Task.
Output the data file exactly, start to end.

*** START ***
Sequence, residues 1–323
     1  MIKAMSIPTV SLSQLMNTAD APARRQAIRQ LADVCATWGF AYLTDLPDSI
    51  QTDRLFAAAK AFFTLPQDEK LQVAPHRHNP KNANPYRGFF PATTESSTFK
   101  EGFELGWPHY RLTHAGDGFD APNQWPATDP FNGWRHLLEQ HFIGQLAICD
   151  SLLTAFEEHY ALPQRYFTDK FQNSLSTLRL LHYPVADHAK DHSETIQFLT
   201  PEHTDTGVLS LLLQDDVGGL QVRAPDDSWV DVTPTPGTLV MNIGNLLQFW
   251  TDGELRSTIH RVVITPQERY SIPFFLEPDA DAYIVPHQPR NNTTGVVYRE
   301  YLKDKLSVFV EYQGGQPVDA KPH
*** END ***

Sequence, residues 1–323
     1  MIKAMSIPTV SLSQLMNTAD APARRQAIRQ LADVCATWGF AYLTDLPDSI
    51  QTDRLFAAAK AFFTLPQDEK LQVAPHRHNP KNANPYRGFF PATTESSTFK
   101  EGFELGWPHY RLTHAGDGFD APNQWPATDP FNGWRHLLEQ HFIGQLAICD
   151  SLLTAFEEHY ALPQRYFTDK FQNSLSTLRL LHYPVADHAK DHSETIQFLT
   201  PEHTDTGVLS LLLQDDVGGL QVRAPDDSWV DVTPTPGTLV MNIGNLLQFW
   251  TDGELRSTIH RVVITPQERY SIPFFLEPDA DAYIVPHQPR NNTTGVVYRE
   301  YLKDKLSVFV EYQGGQPVDA KPH